Adidas, a prominent brand of the 21st century, is capitalizing on this opportunity through its new wave of ‘Home Court’ stores that is set to transform the entire complexion of brick-and-mortars. The idea behind Home Court is to engage customers with more breath and depth of the Adidas brand than ever before where “the store has the look and feel of an arena, with the entrance resembling the tunnel players use to emerge on to a sports field”. The brand experience is further augmented by interactive touch-screens that allow shoppers to search online for products that meet their needs. Ultimately, Home Court stores pioneer a truly interactive retail experience that evokes all senses and emotion that revolutionizes service design and delivery.

Launched earlier this year in Beijing, Adidas has already brought the concept to the Bluewater shopping centre in Kent last month and it is set to take its place in Heathrow’s brand new Terminal 2. Unquestionably, the terminal will accommodate Home Court stores perfectly with a highly intuitive, ‘bright, open-plan layout … designed to help passengers navigate the terminal more easily’. This enables a great visual connection that will almost guarantee maximum exposure to Home Court and the Adidas brand.

Adidas Homecourt

Conceptualizing an interactive experience that is delivered inside the physical contours of a brick-and-mortar outlet, modern concepts like Home Court will drive the ‘Tomorrow Store’, combining both worlds of online and offline retail. Thomas Pink and Yo! Sushi are other early adopter brands that have jumped on this bandwagon and have started incorporating technology into their stores. Understanding the value of technology in people’s lives, Thomas Pink utilizes large touch-screen tables in its outlets, enabling customers to design their personalized garments and have them made and delivered to them anywhere in the world. Food giant Yo! Sushi meanwhile, is pioneering a mobile ordering system, allowing customers to order their food from their smart-phone app, transforming the service experience.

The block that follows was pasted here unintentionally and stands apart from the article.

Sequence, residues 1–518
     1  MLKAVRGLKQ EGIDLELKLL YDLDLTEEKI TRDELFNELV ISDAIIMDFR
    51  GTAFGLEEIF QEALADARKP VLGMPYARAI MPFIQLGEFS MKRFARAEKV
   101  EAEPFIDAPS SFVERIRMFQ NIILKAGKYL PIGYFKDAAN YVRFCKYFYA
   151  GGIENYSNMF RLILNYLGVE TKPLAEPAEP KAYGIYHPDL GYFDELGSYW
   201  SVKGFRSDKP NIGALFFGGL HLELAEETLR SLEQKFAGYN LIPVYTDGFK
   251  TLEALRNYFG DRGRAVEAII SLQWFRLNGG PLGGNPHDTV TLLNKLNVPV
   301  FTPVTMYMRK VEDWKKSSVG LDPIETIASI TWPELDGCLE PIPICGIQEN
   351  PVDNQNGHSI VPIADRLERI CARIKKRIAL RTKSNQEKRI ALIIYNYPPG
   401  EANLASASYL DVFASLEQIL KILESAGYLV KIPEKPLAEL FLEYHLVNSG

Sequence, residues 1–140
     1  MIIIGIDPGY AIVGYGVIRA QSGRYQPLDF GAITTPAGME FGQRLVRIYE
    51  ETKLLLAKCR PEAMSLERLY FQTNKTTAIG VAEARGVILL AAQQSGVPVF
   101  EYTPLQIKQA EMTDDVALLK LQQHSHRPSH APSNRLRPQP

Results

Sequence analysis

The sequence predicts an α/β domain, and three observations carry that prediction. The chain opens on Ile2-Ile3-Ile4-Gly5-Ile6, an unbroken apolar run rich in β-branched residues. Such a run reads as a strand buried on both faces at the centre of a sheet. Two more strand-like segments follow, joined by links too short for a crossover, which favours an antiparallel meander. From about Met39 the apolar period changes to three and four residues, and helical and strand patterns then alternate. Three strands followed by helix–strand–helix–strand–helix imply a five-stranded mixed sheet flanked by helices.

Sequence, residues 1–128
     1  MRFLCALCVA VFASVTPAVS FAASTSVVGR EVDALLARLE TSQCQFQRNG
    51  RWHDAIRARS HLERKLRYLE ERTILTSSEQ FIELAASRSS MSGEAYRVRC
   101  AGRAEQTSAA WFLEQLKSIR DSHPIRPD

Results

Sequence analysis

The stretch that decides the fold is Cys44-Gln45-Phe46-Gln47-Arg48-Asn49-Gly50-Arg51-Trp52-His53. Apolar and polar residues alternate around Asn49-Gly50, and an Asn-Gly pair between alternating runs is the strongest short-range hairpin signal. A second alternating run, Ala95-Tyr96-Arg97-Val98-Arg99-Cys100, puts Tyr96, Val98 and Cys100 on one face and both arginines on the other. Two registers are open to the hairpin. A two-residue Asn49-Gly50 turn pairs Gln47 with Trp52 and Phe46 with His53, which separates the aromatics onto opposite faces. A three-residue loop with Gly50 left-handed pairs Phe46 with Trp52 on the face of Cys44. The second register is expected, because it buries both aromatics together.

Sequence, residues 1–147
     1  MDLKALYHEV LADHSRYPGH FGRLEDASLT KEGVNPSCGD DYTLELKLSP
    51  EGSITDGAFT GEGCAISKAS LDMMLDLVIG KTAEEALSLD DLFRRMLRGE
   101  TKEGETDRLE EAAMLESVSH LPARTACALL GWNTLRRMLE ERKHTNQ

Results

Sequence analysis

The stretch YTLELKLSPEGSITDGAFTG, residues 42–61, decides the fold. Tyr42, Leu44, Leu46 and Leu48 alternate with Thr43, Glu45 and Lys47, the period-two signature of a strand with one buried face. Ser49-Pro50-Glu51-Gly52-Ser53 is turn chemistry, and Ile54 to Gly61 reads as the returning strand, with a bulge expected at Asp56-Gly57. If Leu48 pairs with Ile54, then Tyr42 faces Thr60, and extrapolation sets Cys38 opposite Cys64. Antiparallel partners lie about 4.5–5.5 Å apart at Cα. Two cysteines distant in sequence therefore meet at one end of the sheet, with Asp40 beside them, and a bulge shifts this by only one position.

Ultimately, it is not difficult to understand that these changes and developments are collectively contributing to a new dimension of delivering a first-class customer service through innovative and emotional pioneered retail solutions. It would be naive to think that online retailers that offer more flexibility and convenience will completely replace brick-and-mortars when nothing comes close to a physical store to provide the real retail experience in the real world.

Importantly, it is paramount to grasp that bland, generic store experiences are no longer enough to lure customers of today. The ‘Tomorrow Store’ has to be social, emotive, and theatrical in engaging all senses at all touch points of the brand experience. Significantly, this has to be coupled with innovation, delivering an interactive shopping experience as technology unavoidably surrounds our everyday lives and will continue to do so in ways that are unimaginable.

The ‘Tomorrow Store’ is here today, and before technology makes it the yesterday store, it is time for brands to take action and transform their retail and service designs to successfully convey a world-class brand experience within their brick-and-mortar outlets that will serve the emotional needs of customers and be instrumental in establishing brand loyalty in the long run.

By: Burak Serin

Influenced by the Article ‘Service Design is Revolutionizing Retail’ (Marketing Week, 2014)


Adidas Group Chief Sales Officer Consumer Direct, Michael Stainer, speaks about the plans for Home Courts European roll-out: